On April 17, 1975, the Khmer Rouge entered Phnom Penh to open a new and appalling chapter in the story of the twentieth century. On that day, Pin Yathay was a qualified engineer in the Ministry of Public Works. Successful and highly educated, he had been critical of the corrupt Lon Nol regime and hoped that the Khmer Rouge would be the patriotic saviors of Cambodia. In Stay Alive, My Son, Pin Yathay provides an unforgettable testament of the horror that ensued and a gripping account of personal courage, sacrifice and survival. Documenting the 27 months from the arrival of the Khmer Rouge in Phnom Penh to his escape into Thailand, Pin Yathay is a powerful and haunting memoir of Cambodia's killing fields. With seventeen members of his family, Pin Yathay were evacuated by the Khmer Rouge from Phnom Penh, taking with them whatever they might need for the three days before they would be allowed to return to their home. Instead, they were moved on from camp to camp, their possessions confiscated or abandoned. As days became weeks and weeks became months, they became the "New People," displaced urban dwellers compelled to live and work as peasants, their days were filled with forced manual labor and their survival dependent on ever more meager communal rations. The body count mounted, first as malnutrition bred rampant disease and then as the Khmer Rouge singled out the dissidents for sudden death in the darkness. Eventually, Pin Yathay's family was reduced to just himself, his wife, and their one remaining son, Nawath. Wracked with pain and disease, robbed of all they had owned, living on the very edge of dying, they faced a future of escalating horror. With Nawath too ill to travel, Pin Yathay and his wife, Any, had to make the heart-breaking decision whether to leave him to the care of a Cambodian hospital in order to make a desperate break for freedom. "Stay alive, my son," he tells Nawath before embarking on a nightmarish escape to the Thai border. First published in 1987, the Cornell edition of Stay Alive, My Son includes an updated preface and epilogue by Pin Yathay and a new foreword by David Chandler, a world-renowned historian of Cambodia, who attests to the continuing value and urgency of Pin Yathay's message.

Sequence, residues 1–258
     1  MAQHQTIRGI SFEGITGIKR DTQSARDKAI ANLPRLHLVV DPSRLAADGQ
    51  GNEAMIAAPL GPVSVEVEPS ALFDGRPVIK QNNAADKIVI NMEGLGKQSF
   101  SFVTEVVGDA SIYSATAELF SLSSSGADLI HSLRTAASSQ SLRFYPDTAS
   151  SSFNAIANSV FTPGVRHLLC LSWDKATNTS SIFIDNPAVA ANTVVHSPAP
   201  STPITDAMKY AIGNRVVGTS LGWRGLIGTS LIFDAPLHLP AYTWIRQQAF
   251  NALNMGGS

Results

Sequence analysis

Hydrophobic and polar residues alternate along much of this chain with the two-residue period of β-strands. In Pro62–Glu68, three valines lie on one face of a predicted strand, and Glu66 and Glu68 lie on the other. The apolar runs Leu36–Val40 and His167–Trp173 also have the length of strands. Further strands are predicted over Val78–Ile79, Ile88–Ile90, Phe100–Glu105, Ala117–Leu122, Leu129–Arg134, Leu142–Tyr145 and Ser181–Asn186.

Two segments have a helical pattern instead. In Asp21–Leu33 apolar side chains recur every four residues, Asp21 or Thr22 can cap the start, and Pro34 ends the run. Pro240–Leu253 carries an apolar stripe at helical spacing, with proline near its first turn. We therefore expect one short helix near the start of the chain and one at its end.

"In 1975, the Republic of Cambodia was torn asunder by the 'liberating' forces of Pol Pot. Pin Yathay, an engineer employed by the Ministry of Public Works, was a witness to the tragedy... His entire family and unnumbered friends were annihilated... A heart-rending account of the disintegration of an entire social system, caused by the paranoid policies of Khmer Rouge cadres."-Christian Science Monitor "During the Kampuchean revolutionary madness ... all the urban population was driven out to work in the country, creating new peasant communities which operated on strict, dogmatic Maoist lines... Pin Yathay's story is told with no attempt at self-aggrandizement... For he has to live with the shame of having deserted his own child in order to facilitate his escape, of losing his wife in the jungle through ineptitude: it is a revelation of prehistoric strength within the human conscience which is far beyond our imaginings."-Times Literary Supplement "This memoir describes in harrowing detail life in the early years of the Khmer Rouge regime in Cambodia... Written in the hope that his missing son might see the book and be reunited with his father, Pin's memoir is a direct, honest account of his two years on the prison farm."-MultiCultural Review
Number Of Pages: 272
Published: 30th November 2000
Publisher: Cornell University Press
Dimensions (cm): 22.9 x 15.2 x 1.8
Weight (kg): 0.4